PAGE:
Imvixa has been successful in Chile, but has yet to get past regulators in Scotland and other salmon-producing countries.

Anti-lice drug ‘helps growth, shortens cycle’

After a year of commercial use and years of tests of lice in Chile, a study has shown that lufenuron can provide more benefits than just preventing infestations of lice.

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Elanco, which produces the anti-lice treatment Imvixa that contains lufenuron as its active ingredient, reports improvements in production performance and increased efficacy of bath treatments against lice.

The Imvixa logo. A study shows that the drug can contribute to larger fish more quickly.

Imvixa is an in-feed product that is given to smolts in RAS systems, prior to their release into sea cages. However, lufenuron - used to kill fleas on domestic pets - is not currently approved for aquaculture use in Scotland, Norway, Canada or the US.

Higher biomass

The drug was approved in Chile in November 2016, and has been used on over 90 million fish since then. In an epidemiological report conducted by Epivet on request from Elanco, improvements in production performance and increased efficacy of bath treatments against lice were found.

The analysis applied statistical and mathematical tools, and rated fish health information from 47 localities in Chile's XI region, which had an average 880,000 fish in cages. Overall the report was based on 67 production cycles, between 2010 and May 2017, ie using both commercial and in the test phase.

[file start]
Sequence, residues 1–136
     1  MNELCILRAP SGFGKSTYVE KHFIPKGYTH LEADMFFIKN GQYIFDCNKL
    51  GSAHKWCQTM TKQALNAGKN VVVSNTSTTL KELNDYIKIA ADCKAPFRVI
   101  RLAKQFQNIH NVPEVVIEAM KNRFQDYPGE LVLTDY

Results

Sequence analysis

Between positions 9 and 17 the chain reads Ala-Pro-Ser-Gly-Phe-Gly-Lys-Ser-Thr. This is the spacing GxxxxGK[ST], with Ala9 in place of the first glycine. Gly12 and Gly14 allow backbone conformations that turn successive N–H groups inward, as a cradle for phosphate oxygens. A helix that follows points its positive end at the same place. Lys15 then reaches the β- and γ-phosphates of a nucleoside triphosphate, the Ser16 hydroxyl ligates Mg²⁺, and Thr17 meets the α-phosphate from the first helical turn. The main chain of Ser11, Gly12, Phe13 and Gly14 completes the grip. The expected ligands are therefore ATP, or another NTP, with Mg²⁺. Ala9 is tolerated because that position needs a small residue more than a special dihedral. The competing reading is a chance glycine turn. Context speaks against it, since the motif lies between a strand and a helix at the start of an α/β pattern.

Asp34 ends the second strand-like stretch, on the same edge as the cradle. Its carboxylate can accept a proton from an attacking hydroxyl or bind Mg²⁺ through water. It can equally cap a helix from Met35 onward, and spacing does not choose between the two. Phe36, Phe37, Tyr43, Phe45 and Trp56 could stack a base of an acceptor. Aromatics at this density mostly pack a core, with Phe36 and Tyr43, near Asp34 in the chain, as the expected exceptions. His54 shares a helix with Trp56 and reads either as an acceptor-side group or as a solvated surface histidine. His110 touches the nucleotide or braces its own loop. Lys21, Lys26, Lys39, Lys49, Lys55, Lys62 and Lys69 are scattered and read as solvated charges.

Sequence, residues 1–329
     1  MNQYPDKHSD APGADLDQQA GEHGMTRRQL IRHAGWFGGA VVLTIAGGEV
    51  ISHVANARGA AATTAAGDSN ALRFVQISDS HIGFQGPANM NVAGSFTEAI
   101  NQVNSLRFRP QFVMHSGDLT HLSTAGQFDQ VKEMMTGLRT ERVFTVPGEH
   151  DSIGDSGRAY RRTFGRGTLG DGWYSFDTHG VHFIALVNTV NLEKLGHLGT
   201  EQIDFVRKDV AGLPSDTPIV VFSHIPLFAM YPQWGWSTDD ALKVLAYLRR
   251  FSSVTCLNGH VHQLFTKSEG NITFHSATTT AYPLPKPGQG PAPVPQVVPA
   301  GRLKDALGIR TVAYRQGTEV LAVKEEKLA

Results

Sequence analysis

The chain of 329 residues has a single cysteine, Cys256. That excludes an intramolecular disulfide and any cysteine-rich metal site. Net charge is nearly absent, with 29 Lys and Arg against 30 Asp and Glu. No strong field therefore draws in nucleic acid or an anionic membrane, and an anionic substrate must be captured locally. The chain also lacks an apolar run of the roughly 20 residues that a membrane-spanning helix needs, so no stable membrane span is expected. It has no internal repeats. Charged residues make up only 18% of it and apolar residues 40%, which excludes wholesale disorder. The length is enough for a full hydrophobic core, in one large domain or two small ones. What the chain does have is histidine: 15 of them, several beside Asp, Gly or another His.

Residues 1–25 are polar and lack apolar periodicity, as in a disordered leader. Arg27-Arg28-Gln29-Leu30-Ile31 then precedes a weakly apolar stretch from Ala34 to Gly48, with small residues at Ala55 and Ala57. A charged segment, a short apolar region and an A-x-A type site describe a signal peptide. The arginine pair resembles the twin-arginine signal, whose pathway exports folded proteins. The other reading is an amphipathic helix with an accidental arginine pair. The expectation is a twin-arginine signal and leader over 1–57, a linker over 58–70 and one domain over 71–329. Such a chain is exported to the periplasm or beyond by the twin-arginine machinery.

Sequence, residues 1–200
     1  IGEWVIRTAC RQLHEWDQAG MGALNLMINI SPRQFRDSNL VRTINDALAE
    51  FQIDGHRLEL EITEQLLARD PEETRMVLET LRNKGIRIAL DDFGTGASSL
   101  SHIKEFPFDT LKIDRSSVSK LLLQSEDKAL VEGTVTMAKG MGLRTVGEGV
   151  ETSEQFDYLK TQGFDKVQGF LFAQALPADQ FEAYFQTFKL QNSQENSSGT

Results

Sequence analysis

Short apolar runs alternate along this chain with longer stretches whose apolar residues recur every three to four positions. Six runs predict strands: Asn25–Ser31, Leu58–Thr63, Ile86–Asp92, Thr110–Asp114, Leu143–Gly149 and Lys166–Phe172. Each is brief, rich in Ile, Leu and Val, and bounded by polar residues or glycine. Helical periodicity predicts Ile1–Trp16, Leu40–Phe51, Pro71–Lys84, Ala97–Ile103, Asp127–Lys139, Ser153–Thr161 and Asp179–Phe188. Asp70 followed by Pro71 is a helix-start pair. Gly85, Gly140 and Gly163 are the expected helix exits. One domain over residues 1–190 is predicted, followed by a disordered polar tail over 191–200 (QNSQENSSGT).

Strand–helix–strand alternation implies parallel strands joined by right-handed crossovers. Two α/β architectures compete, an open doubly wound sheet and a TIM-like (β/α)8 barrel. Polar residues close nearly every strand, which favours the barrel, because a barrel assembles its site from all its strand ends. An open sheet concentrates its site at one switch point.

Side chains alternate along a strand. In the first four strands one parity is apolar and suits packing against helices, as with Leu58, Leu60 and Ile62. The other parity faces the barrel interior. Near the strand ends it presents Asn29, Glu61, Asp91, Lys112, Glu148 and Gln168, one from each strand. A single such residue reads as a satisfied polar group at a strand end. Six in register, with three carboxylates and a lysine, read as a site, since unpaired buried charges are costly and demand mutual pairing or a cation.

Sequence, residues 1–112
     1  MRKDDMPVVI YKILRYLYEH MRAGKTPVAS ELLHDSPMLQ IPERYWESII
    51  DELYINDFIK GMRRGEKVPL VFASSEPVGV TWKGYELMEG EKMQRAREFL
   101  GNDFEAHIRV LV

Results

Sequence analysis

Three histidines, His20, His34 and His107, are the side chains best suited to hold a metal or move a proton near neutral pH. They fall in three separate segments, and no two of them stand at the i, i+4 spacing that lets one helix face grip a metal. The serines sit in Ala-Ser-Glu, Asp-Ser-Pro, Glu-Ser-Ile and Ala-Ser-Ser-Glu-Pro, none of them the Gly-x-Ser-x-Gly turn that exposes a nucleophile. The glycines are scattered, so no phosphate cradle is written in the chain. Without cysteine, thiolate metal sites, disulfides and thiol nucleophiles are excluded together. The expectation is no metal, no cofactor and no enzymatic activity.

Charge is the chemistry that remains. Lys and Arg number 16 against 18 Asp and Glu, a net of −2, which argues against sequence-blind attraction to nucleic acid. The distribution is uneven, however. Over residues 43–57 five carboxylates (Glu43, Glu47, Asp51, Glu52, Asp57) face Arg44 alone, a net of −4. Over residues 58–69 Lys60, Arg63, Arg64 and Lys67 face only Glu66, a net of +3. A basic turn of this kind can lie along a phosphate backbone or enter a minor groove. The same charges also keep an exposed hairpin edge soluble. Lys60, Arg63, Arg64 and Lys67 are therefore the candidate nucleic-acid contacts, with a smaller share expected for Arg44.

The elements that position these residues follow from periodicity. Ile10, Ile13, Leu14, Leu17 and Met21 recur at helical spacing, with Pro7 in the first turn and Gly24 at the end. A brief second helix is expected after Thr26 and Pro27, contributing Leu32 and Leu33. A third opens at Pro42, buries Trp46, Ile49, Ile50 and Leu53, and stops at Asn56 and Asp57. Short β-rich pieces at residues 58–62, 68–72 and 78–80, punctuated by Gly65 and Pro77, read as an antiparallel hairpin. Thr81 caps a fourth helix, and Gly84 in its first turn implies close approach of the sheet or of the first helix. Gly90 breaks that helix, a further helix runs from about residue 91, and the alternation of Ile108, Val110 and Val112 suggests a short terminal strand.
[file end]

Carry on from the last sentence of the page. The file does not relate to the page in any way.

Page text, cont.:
According to the report, farms that used lufenuron as part of their strategy against Caligus rogercresseyi, the most common louse species impacting salmonid farms in Chile, attained a higher biomass in a production time two or three weeks shorter, when compared with previous cycles.

150 grams of increased growth

Elanco stresses that it needs more data over time to make final conclusions, but now calculates an average of almost 150 grams of increased growth per fish, which works out at an average of an extra 132  tonnes per site.

The report also shows that the sites that used Imvixa performed fewer bath treatments against lice. Additionally, a tendency was observed for an increase in efficacy of bath treatments after the efficacy period of Imvixa was over, although it is not statistically significant.

Lufenuron belongs to the family of benzoylureas and inhibits the production of chitin – thereby interfering in the development of the louse’s exoskeleton, preventing it from reaching its adult stage.

Very low doses

Very low doses of Imvixa achieve therapeutic levels in the skin and subcutaneous tissue of treated smolts, repelling the parasite for a period of between six and eight months after treatment.

Fish Farming Expert reported last year that Elanco's bid for approval of lufenuron in the UK had been rejected, and the company has been vague about any attempt to try again. Last November a spokesperson said: “The UK salmon market is a very important market for Elanco. We are committed to providing our aquaculture customers in Scotland with the best tools to face the challenge of sea lice, giving them confidence in achieving success in sea lice control. To do so, we will continue to collaborate with the VMD and the SEPA to provide comprehensive and appropriate regulatory data for our product developments.”